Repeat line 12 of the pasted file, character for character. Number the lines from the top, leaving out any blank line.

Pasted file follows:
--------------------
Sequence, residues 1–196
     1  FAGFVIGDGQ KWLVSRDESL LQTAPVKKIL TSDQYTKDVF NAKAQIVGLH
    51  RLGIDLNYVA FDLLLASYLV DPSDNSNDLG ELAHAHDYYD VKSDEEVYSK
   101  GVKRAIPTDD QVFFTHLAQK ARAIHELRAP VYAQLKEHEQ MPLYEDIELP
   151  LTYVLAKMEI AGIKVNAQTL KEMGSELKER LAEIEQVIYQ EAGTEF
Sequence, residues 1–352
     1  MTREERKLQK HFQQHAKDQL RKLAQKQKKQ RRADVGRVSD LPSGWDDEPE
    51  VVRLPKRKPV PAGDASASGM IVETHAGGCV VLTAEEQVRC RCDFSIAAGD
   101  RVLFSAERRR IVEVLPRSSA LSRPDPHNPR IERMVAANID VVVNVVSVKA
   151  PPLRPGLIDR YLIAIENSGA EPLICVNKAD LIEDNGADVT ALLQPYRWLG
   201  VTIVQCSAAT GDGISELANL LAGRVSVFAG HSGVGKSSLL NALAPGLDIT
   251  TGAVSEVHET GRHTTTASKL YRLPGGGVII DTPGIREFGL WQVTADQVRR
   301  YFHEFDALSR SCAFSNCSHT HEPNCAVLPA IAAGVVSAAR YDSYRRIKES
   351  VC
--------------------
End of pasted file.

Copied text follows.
   251  TGAVSEVHET GRHTTTASKL YRLPGGGVII DTPGIREFGL WQVTADQVRR